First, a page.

God has stated in the Bible, the Old Testament, “We have created man in our own image and likeness.” This statement indicates the fact that man in some particular is of the image and likeness of God; that is to say, the Perfections of God, the Divine Virtues, have become reflected or revealed in the human reality. Just as the effulgence and the light of the sun, when cast upon a mirror, is reflected fully, gloriously, if the mirror be polished, so likewise the virtues of Divinity are possible of reflection in the human reality. And this makes it evident that man is the most noble of God’s creatures. When you observe created beings, you find that the mineral kingdom is endowed with certain virtues And we observe that the vegetable kingdom has not only the virtues of the mineral kingdom but it is endowed with another property, or, namely, the virtue augmentative or the power of growth. The animal kingdom possesses the virtues or powers of the mineral kingdom plus those of the vegetable kingdom, and moreover it possesses certain peculiar properties of its own. The human kingdom is endowed with the virtues or perfections of the mineral kingdom and those of the vegetable kingdom, and the perfections of the animal kingdom, and moreover has the human virtues. This makes it evident that man is superior and most noble, and he is the most glorious of beings! Man is the microcosm and this endless world is the macrocosm. But the mysteries of the macrocosm, the greater world, are expressed or revealed in the microcosm or the lesser world. The tree is the greater world, so to speak, and a seed holds the relation of the lesser world. But the whole of the tree is potentially latent in the seed. An immense tree, a colossal tree, is latent or hidden within a small seed. So when this seed is cultivated, is planted, then it is made possible of revelation. Likewise the greater world, the macrocosm, is latent and involved in the microcosm or the lesser world, and that is the universality of the virtues which is particularized in man. This man who has been called the image and likeness of God: Let us find out just where and how he is the image and likeness of the Lord, and what is the standard or criterion whereby he can be measured. The criterion or the standard can be no other than the Divine virtues within men, which are Divine and after His image. Therefore every man who is imbued with the Divine qualities, who reveals the heavenly perfections and heavenly morals, who is an expression of the praiseworthy attributes, ideal in nature, is verily an image and likeness of God. If a man should possess wealth, can we call him an image and likeness of God? Or is human honor the criterion whereby he can be called the image of God? Or can we apply a color test as a criterion, and say such and such an one is colored with a certain hue and he is, therefore, in the image of God? Can we say, for example, a man who is green in hue is an image of God? Or can we make another distinction, saying that one who is white is any more an image of God? Is simply the white color a criterion whereby man is to be judged? And shall we make a sweeping statement like that? Or is it reasonable for us to choose the dark color, supposing we say a colored man is, after all, the image and likeness, just because of his color, or the red skinned man, shall he be the image and likeness of God? Or shall we declare the yellow race to be a creation and therefore an image and likeness of God? Can we say simply that so and so is yellow in color, therefore he must be an image and likeness of God? Hence we come to the conclusion that colors are of no importance Colors are accidental in nature. That which is essential is the humanitarian aspect. And that is the manifestation of Divine virtues and that is the Merciful Bestowals. That is the Eternal Life. That is the baptism through the Holy Spirit. Therefore let it be known that color is of no importance Man, who is the image and likeness of God, who is the manifestation of the Bestowals of God, is acceptable at the Threshold of God whatever be his color. Let him be blue in color, or white, or green, or brown, that matters not! Man is not to be pronounced man simply because of bodily attributes. Man is to be judged according to his intelligence and to his spirit. Because he is to be judged according to spirit and intelligent therefore let that be the only criterion. That is the image of God. If man’s temperament be white, if his heart be white, let his outer skin be black; if his heart be black and his temperament be black, let him be blond, it is of no importance. Therefore, of all importance is the character of the heart. The heart which is brighter, in the estimation of God, is dearer. Inasmuch as God has endowed man with this Bestowal, such a favor, that he is called the Image of God, this is truly a great station. And this great station is not to be sacrificed for color’s sake.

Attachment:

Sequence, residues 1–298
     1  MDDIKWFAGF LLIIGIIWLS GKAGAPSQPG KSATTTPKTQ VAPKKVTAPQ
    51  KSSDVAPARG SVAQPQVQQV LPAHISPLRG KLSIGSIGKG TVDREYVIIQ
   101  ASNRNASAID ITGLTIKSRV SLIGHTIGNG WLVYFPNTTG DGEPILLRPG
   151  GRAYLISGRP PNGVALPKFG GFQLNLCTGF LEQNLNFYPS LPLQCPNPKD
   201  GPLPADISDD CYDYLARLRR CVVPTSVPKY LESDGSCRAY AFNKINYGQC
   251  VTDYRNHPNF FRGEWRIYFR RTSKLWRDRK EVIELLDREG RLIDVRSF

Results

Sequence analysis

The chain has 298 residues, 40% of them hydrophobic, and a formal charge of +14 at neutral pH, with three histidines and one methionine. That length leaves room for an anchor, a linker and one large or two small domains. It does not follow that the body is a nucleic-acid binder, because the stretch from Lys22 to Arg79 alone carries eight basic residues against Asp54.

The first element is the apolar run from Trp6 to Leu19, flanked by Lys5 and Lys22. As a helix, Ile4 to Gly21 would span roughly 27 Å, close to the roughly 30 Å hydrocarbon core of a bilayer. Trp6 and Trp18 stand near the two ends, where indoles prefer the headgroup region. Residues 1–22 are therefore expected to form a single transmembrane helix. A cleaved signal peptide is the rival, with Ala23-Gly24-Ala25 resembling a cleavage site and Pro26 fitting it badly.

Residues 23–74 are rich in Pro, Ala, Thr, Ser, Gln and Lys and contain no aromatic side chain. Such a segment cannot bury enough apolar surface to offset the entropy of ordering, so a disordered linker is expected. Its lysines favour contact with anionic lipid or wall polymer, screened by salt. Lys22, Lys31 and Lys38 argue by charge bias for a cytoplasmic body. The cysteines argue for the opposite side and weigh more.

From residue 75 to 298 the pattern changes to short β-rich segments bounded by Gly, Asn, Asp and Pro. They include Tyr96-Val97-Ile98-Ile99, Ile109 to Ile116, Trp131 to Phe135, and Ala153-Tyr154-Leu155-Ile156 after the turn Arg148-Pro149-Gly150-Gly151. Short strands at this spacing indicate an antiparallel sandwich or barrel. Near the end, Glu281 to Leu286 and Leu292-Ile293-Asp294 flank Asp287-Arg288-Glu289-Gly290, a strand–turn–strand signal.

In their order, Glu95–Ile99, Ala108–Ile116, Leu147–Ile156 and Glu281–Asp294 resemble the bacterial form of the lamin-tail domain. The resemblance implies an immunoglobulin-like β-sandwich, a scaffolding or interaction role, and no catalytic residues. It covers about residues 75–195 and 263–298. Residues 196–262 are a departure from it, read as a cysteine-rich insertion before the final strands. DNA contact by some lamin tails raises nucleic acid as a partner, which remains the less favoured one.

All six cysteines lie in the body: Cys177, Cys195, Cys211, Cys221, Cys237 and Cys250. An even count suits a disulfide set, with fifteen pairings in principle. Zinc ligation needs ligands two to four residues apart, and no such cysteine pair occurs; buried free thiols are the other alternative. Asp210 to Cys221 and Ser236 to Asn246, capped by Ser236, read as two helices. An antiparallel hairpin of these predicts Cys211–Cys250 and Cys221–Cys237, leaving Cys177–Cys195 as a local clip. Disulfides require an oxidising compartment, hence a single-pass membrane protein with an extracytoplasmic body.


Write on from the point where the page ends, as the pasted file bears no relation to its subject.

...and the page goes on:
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7 Responses to “Abdu’l-Baha speaks to the NAACP”